When humans have low iron levels, they tend to feel weak, fatigued and dizzy. This fatigue prevents patients with iron-deficient anemia from exercising or exerting themselves in order to conserve energy.
Similarly, in low-iron environments, microbes survive by slowing down carbon processing and extracting iron from minerals. However, this strategy requires microbes to invest precious food sources into producing mineral-dissolving compounds. Given this paradox, researchers wanted to understand how microbes sustain survival strategies in environments with too little iron to thrive.
Iron is critical to carbon metabolism because it’s required by the proteins involved in processing carbon. But because oxygen makes soluble iron less abundant in the environment, bacteria often operate under iron limitation and need to shut down or dramatically decrease carbon intake.
Looking at a group of bacteria from soil, researchers at Northwestern University discovered that these organisms overcome limitation in their carbon processing machinery by rerouting their metabolic pathways to favor producing iron-scavenging compounds. The study is the first to use metabolomics, a high-resolution technique to monitor carbon flow in the cells, to study the impact of iron on the carbon cycling in bacterial cells.
The study was published Dec. 3 in the journal Proceedings of the National Academy of Sciences.
Ludmilla Aristilde, an associate professor of civil and environmental engineering at the McCormick School of Engineering, led the research. Her research group focuses on understanding environmental processes that involve organics, with implications for ecosystem health, agricultural productivity and environmental biotechnology.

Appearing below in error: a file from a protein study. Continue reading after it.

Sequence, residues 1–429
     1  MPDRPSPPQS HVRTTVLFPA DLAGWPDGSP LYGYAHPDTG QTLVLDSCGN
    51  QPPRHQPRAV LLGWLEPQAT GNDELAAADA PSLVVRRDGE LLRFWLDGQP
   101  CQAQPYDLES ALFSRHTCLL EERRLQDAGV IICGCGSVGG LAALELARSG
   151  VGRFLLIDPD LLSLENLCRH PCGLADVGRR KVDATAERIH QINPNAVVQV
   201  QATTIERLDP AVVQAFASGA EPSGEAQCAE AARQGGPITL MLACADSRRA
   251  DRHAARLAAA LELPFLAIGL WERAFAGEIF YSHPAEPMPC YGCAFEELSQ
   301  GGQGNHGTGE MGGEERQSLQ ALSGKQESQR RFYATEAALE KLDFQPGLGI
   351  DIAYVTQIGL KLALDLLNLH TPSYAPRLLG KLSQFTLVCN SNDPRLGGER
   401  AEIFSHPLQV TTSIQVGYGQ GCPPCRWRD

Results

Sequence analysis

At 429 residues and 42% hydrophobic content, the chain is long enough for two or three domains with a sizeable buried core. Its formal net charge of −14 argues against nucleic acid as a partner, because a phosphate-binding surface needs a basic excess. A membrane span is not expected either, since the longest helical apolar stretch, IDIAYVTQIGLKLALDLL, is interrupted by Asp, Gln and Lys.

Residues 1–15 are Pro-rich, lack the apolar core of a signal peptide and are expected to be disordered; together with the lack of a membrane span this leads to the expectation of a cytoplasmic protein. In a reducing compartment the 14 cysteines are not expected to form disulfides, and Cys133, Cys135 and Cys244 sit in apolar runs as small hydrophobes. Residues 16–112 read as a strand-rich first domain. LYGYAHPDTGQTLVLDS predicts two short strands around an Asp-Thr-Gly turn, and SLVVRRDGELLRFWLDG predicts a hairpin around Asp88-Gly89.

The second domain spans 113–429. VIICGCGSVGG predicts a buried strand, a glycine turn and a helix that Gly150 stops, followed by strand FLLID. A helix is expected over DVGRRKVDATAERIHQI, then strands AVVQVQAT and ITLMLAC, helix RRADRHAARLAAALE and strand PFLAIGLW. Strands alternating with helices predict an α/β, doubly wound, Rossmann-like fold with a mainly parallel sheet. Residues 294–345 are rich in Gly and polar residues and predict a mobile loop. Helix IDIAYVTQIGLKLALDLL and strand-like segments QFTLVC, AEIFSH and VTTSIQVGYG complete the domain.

Within the network of metabolism in bacteria, the citric acid cycle provides the carbon skeletons needed to make iron-scavenging compounds. Metabolism of certain carbon sources generates better carbon and fuel from the citric acid cycle. Iron-starved bacteria favor carbon processing through the citric acid cycle in order to produce more iron-scavenging compounds. Aristilde said this finding is significant because the research reveals that inorganic nutrients can have a direct impact on organic processes.
“The hierarchy in carbon metabolism highlights that selectivity in specific carbon usage is strongly linked to something that is inorganic,” Aristilde said. “To put this in the context of climate change, we need to understand what conditions control soil carbon cycling and its contribution to carbon dioxide.”
While scientists have used genomics to predict what may happen in metabolism of species based on identifying and measuring genes, the Aristilde lab uses metabolomics of the species to capture what is actually happening in metabolism.
By focusing on the Pseudomonas species in soils, the research group was able to make inferences about other species. The Pseudomonas bacteria also exist as human and plant pathogens, in our gut and elsewhere in the environment. Aristilde hopes that because the bacteria she and her researchers chose to study are so ubiquitous, future research will be able to use her group’s findings as a roadmap.
Past research studied organism behavior with a lower resolution of information. While scientists have used genomics to predict what may happen in metabolism of species based on identifying and measuring genes, the Aristilde lab uses metabolomics of the species to capture what is actually happening in metabolism. Their research provides clues that imply many other organisms and systems might also employ similar metabolic strategies.
As an environmental engineer, Aristilde said that her area of study is all about understanding mechanisms and making predictions about how environmental processes like the carbon cycle behave. Beyond carbon cycling and climate change, the study also has implications in plant and human health. Understanding how bacteria that cause infections change carbon metabolism to compete for iron in their plant or human hosts can enable researchers to better design target treatments.
This study involved several students and researchers in the Aristilde lab, including current Ph.D. student Caroll Mendonca as the first author, former postdoctoral researcher Hua Wei, former M.S. student Samantha Sasnow and former undergraduate researchers Sho Yoshitake and Anne Werner as co-authors. The paper, “Hierarchical Routing in Carbon Metabolism Favors Iron-Scavenging Strategy in Iron-Deficient Soil Pseudomonas species,” was supported by the National Science Foundation (award number CBET-1653092).